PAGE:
Press the backs of your hands against the inside of a door frame for 30 seconds—as if you’re trying to widen the frame—and then let your arms down; you’ll feel something odd. Your arms will float up from your sides, as if lifted by an external force. Scientists call this Kohnstamm phenomenon, but you may know it as the floating arm trick. Now, researchers have studied what happens in a person’s brain and nerve cells when they repress this involuntary movement, holding their arms tightly by their sides instead of letting them float up. Two theories existed as to how this repression worked: The brain could send a positive “push down” signal to the arm muscles at the same time as the involuntary “lift up” signal was being transmitted to cancel it out; or the brain could entirely block the involuntary signal at the root of the nerves. The new study, which analyzed brain scans and muscle activity recordings from 39 volunteers, found that the latter was true—when a person stifles Kohnstamm phenomenon, the involuntary “lift” signal is blocked before it reaches the muscle. The difference between the repression mechanisms may seem subtle, but understanding it could help people repress other involuntary movements—including the tremors associated with Parkinson’s disease and the tics associated with Tourette syndrome, the team reports online today in the Proceedings of the Royal Society B.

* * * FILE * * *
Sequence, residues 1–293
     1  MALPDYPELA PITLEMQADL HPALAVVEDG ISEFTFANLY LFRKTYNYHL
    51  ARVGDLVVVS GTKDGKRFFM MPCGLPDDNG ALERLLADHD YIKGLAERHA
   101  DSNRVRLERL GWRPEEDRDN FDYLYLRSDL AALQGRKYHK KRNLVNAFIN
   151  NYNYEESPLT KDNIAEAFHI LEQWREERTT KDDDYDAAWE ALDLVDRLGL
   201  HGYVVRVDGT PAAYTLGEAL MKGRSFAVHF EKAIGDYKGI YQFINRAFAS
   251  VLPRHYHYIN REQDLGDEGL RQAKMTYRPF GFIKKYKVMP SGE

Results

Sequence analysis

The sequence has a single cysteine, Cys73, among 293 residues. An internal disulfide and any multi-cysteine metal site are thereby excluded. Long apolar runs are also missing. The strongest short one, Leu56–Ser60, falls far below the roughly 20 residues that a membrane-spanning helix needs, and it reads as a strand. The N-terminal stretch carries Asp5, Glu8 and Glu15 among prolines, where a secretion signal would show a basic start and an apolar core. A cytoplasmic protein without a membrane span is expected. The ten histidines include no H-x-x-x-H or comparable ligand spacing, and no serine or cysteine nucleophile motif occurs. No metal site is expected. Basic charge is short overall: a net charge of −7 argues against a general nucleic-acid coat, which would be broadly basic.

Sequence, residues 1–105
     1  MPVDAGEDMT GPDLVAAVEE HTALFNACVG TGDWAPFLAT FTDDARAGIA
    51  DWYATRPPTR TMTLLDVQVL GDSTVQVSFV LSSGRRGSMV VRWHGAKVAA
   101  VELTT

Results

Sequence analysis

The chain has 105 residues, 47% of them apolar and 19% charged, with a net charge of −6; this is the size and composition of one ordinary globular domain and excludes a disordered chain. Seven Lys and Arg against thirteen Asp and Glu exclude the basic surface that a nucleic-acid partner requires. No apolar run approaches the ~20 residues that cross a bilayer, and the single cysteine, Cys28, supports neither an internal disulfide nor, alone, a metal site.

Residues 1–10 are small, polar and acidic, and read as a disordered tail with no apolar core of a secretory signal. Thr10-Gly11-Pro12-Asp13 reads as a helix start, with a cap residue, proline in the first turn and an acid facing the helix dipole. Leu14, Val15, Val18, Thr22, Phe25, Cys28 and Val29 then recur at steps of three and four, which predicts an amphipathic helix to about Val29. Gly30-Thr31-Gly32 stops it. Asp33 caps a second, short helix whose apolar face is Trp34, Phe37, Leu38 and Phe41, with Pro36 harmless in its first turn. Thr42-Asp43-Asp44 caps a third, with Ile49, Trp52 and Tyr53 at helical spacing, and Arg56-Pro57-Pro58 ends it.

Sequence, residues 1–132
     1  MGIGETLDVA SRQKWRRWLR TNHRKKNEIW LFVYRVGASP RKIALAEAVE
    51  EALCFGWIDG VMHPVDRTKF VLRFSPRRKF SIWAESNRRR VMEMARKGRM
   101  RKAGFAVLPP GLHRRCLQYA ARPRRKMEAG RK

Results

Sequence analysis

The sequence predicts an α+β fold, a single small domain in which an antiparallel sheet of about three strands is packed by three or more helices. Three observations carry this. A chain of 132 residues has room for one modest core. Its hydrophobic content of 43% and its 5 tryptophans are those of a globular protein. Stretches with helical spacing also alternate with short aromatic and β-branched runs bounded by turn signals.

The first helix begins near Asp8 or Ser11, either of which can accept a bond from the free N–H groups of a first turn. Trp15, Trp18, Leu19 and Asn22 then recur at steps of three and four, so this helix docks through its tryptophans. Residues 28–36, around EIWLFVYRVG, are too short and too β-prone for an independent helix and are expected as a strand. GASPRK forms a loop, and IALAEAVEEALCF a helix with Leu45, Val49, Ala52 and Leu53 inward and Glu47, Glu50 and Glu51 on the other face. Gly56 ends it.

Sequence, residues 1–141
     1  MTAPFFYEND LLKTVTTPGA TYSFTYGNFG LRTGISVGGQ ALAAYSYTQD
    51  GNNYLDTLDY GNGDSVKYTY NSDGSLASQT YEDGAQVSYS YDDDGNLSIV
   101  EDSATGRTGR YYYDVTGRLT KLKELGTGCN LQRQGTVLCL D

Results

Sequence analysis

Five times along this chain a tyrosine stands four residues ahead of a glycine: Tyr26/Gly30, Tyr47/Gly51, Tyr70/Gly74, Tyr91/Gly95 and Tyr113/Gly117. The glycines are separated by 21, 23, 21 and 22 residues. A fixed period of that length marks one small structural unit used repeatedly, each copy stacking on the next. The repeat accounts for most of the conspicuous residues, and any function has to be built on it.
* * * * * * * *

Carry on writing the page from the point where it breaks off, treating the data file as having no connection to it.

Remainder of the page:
(Video credit: Miura Hawkins, Magali Chytiris, Arko Ghosh/Institute of Neuroinformatics, University of Zurich, and ETH Zurich)